- You will only get help with childcare from a registered childminder, school or local authority on school premises out of school hours.
You cannot claim this element to pay family or friends to mind your child unless they are registered.
Reporting your childcare costs to the DWP
To receive your monthly childcare costs element, you must show evidence to the DWP of what childcare you have paid.
To report your childcare costs monthly:
- Give the DWP your childcare providers registration number
- Report the charges on your online account before the day you get your next Universal Credit payment.
If you report your childcare costs late, you will need to inform the Jobcentre why you couldn't report them on time. They will then pay you if they think this reason is valid.
Universal Credit housing cost element
The housing costs element of Universal Credit is available for people who are responsible for the rent or mortgage payments of their home. It may contribute towards or cover all of your rent, mortgage or service charge.
The Universal Credit housing costs element replaces Housing Benefit for people who pay rent, and it replaces the Support for Mortgage Interest scheme for people with mortgages. It will also help people who pay service charges for repairs to public areas in a housing association or council house
Universal Credit does not include Council Tax Support, so if you are responsible for paying council tax, you will need to claim council tax support from your council.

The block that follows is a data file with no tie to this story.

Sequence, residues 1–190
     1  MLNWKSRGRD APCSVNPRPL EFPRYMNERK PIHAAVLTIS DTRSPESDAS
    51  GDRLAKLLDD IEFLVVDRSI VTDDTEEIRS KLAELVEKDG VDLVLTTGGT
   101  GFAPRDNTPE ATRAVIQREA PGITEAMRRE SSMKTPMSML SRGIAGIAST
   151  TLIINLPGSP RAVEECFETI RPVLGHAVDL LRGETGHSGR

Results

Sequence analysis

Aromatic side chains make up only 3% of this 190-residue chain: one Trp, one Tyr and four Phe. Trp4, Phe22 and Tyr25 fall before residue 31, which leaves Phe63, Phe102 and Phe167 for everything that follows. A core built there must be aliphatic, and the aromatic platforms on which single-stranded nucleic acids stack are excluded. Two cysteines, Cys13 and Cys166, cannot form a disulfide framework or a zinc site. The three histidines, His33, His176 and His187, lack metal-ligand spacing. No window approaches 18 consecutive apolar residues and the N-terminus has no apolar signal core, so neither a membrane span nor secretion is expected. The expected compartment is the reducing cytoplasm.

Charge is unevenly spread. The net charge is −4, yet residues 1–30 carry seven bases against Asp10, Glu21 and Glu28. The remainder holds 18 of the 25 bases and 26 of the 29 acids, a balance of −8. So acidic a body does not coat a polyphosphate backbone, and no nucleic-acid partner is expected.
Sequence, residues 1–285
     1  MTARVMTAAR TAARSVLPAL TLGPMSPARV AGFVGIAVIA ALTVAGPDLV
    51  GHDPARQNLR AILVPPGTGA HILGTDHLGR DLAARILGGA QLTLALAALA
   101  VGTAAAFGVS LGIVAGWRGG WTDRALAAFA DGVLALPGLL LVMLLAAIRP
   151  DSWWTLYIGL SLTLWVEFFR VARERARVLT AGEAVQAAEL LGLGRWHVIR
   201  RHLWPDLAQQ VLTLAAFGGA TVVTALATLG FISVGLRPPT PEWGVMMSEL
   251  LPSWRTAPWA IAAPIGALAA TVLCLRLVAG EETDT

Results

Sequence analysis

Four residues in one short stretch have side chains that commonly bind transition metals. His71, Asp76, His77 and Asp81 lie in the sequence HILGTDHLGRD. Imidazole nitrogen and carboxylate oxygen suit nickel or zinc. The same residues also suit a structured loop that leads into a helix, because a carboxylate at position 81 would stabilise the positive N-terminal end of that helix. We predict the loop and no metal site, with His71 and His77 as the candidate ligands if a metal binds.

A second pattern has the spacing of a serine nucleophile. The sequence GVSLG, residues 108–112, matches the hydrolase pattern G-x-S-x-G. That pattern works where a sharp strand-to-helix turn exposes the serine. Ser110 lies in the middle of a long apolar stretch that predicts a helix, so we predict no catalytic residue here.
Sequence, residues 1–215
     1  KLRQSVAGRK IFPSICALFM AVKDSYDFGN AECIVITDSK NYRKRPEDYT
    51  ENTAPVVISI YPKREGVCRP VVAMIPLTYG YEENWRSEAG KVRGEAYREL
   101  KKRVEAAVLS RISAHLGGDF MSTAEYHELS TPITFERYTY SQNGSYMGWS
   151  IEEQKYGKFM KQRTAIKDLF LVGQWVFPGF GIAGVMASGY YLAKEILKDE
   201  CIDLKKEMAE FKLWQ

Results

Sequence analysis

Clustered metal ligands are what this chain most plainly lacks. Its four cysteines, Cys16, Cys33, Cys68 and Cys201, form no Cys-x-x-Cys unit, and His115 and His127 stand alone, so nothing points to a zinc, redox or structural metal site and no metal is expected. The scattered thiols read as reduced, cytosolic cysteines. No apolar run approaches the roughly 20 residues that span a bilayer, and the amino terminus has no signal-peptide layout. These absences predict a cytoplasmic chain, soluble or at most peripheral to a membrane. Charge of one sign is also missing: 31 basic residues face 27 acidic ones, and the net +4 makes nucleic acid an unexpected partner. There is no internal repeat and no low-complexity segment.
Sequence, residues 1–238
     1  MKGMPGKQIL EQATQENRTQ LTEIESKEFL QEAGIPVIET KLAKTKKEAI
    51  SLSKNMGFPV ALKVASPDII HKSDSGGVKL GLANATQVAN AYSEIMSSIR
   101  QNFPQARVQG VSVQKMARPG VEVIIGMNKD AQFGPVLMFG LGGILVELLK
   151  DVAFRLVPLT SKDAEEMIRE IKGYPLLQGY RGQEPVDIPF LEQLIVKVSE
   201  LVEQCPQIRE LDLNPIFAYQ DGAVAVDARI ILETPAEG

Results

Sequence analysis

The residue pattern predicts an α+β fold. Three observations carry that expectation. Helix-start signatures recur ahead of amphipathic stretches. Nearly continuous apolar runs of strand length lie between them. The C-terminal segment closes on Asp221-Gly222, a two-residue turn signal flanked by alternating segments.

To be eligible for the housing costs element of Universal Credit, you need to:
- Reside in Great Britain
- Pay the housing costs for your home
The amount you can get will depend on the area that you live, the size of your household, standard interest rates, and if you're a private or social tenant.
Universal housing element for private tenants
If you're a private tenant, the housing costs element amount is determined on the following:
- Your Local Housing Allowance (LHA) rate.
- Your income.
- How many people you live with?
- How big the property is?
If you are single and under 35, you will only get enough to rent a room in a shared house.
You may be able to get more help if you get regular overnight care from a carer who needs his or her own room and:
- The care component of DLA at the middle or highest rate,
- Attendance Allowance, or
- The daily living component of PIP at any rate.
Universal housing element for social housing tenants
If you don't earn any money apart from benefits, you can get help with your rent. Universal Credit will usually cover the whole of your rent if you live in social housing, which is a council or housing association property, but you may have to pay towards your rent if:
You have other income or savings,